It looks like the major cattle-feeding regions of the US will see warmer-than-normal temperatures and more precipitation than normal.
The National Oceanic and Atmospheric Administration’s US Winter Outlook also said drought-stricken California and the Sierra Madres have an even greater chance of warm temperatures and an equal chance of being wetter than normal.
This year’s El Nino is among the strongest on record and is expected to influence weather and climate patterns this winter by affecting the position of the Pacific jet stream, NOAA said.
Other meteorologists have said the warmer Pacific Ocean also evaporates more water, which moves over the Southwestern US and into the Midwest. As this warm, wet air meets the colder winter air of the Northern Hemisphere, it drops as either rain or snow. Non-El Nino, or even La Nina years evaporate less water for less rain or snow.
But this year’s strong El Nino is not the only player in this winter’s forecast, said Mike Halpert, deputy director of NOAA’s Climate Prediction Center, in the NOAA forecast. Cold air outbreaks and snow storms are likely since the forecast period is winter. However, the frequency, number and intensity of these events cannot be predicted on a seasonal basis.
THOSE OTHER FACTORS
Other factors that often play a role in winter weather events include what is called “the Arctic Oscillation”, which is a climate pattern characterized by winds circulating counterclockwise around the Arctic at around 55 degrees N latitude. The Arctic Oscillation has its largest variability during the cold season and influences the number of arctic air masses that move south.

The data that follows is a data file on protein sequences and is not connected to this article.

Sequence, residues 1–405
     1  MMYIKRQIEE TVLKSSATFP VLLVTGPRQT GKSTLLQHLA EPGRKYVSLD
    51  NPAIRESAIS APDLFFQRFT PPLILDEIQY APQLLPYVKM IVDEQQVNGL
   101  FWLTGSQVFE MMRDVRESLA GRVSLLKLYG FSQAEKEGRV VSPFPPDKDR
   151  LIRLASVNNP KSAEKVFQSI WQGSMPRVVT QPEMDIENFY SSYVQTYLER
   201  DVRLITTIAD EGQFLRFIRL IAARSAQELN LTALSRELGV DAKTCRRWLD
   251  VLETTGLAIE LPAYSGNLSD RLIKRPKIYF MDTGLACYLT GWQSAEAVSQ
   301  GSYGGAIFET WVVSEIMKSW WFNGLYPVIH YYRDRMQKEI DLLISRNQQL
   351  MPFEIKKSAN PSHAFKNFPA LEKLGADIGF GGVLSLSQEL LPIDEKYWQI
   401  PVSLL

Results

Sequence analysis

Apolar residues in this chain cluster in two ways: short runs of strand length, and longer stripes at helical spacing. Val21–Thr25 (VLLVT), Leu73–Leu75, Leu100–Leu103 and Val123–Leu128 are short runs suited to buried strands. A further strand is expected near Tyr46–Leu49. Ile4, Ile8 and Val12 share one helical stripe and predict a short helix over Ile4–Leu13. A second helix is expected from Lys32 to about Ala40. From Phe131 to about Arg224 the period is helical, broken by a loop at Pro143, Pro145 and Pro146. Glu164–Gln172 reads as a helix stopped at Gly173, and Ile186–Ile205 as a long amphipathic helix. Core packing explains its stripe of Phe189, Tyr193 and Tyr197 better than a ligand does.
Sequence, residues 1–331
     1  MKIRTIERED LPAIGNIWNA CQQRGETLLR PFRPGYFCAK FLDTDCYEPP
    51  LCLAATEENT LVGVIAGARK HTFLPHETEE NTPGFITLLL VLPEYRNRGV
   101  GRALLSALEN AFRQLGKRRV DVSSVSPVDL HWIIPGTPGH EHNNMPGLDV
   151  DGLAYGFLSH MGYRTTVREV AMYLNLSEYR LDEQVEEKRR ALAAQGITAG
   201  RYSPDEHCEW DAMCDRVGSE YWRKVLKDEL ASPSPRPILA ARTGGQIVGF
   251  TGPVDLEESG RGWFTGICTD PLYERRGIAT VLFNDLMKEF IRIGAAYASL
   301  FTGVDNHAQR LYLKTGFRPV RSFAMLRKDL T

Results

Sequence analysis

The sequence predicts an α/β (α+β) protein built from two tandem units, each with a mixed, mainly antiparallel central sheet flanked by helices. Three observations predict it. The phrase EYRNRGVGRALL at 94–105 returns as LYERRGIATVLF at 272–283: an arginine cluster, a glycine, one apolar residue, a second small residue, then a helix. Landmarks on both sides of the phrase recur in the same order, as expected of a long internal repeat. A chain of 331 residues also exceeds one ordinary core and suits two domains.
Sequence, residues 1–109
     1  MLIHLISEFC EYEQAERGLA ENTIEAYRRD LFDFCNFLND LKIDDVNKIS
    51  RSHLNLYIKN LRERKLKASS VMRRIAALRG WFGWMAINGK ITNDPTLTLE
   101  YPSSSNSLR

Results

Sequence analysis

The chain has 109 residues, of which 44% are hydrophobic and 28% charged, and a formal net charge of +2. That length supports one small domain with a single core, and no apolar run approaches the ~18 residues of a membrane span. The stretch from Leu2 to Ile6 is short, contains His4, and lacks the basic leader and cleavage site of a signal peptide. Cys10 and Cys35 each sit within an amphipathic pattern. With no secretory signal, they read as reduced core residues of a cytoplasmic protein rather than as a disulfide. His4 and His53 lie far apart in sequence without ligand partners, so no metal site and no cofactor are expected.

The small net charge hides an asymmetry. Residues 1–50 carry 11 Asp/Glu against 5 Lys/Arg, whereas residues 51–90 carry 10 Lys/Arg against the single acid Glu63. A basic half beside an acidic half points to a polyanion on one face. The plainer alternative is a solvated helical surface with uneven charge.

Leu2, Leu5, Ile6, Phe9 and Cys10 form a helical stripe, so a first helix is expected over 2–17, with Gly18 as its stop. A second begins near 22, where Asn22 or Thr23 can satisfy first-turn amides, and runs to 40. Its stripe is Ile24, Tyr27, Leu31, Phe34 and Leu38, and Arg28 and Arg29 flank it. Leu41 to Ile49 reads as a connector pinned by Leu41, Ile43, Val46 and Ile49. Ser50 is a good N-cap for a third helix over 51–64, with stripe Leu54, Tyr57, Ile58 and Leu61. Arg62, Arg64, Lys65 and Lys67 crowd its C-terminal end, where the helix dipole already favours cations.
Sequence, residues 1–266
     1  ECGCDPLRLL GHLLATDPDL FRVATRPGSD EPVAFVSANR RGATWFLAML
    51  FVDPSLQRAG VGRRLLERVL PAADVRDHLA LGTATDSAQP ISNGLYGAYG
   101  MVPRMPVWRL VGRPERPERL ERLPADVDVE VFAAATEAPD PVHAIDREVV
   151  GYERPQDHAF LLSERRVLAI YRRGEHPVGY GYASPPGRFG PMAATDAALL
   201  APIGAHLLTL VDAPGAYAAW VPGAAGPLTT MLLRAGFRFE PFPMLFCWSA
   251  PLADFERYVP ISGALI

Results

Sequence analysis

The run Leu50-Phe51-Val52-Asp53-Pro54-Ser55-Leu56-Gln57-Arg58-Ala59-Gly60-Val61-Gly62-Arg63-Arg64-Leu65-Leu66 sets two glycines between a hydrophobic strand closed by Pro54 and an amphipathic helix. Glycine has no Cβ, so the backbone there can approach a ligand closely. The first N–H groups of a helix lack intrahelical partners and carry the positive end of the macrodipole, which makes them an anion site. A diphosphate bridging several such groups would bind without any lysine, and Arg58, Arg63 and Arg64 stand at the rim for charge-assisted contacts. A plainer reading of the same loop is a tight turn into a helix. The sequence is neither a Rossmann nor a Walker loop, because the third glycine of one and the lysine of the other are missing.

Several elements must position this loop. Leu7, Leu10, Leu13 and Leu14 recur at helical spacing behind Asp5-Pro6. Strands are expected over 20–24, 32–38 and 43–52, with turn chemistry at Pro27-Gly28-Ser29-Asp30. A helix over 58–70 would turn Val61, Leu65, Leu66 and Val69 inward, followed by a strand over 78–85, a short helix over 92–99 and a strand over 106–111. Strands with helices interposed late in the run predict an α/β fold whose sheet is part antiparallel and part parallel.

Something called the “Madden-Julian Oscillation,” which is the largest element of the 30- to 90-day variability in the tropical atmosphere, also affects precipitation patterns over the winter. Unlike El Nino, which doesn’t move much, this is a traveling pattern that moves eastward through the atmosphere above the warm parts of the Indian and Pacific oceans and affects rainfall in the Pacific Northwest.
NOAA expected some improvement of drought conditions in central and southern California by the end of January, although the drought would not be broken by then. Additional relief was thought possible in February and March, but weather prognosticators stopped short of calling for an end to water shortages there.
Drought was expected to persist in the Pacific Northwest and Northern Rockies, and drought development was thought likely in Hawaii, parts of the Northern Plains and in the Northern Great Lakes.
Drought removal was expected across large parts of the Southwest, while improvement or removal also was thought likely in the Southern Plains.
While it’s good that drought improvement was predicted for California, one season of above-average rain and snow was thought unlikely to remove four years of drought.
“California would need close to twice its normal rainfall to get out of drought, and that’s unlikely,” Halpert said.
CASH FED CATTLE QUIET
Cash fed cattle markets this week remain undeveloped with estimated showlists mixed to lower. Bids of $125 per cwt on a live basis were heard, but asking prices were around $135 per cwt on a live basis, versus sales last week from $123 to $127.
On a dressed basis, cattle traded last week at $195 to $202.
Wholesale beef prices Thursday were higher but are losing early week momentum. The USDA reported its choice cutout value at $211.22 per cwt, up $0.61 on the day, and its select cutout at $207.23, up $1.61.
The choice/select spread narrowed to $3.99 from $4.90 on Wednesday, and there were 119 loads of fabricated product moved into the spot market.
CME Feeder Cattle Index for the seven days ended Wednesday was $187.36 per cwt, up $1.01. This compares with the Oct settlement Thursday of $189.97, down $1.02.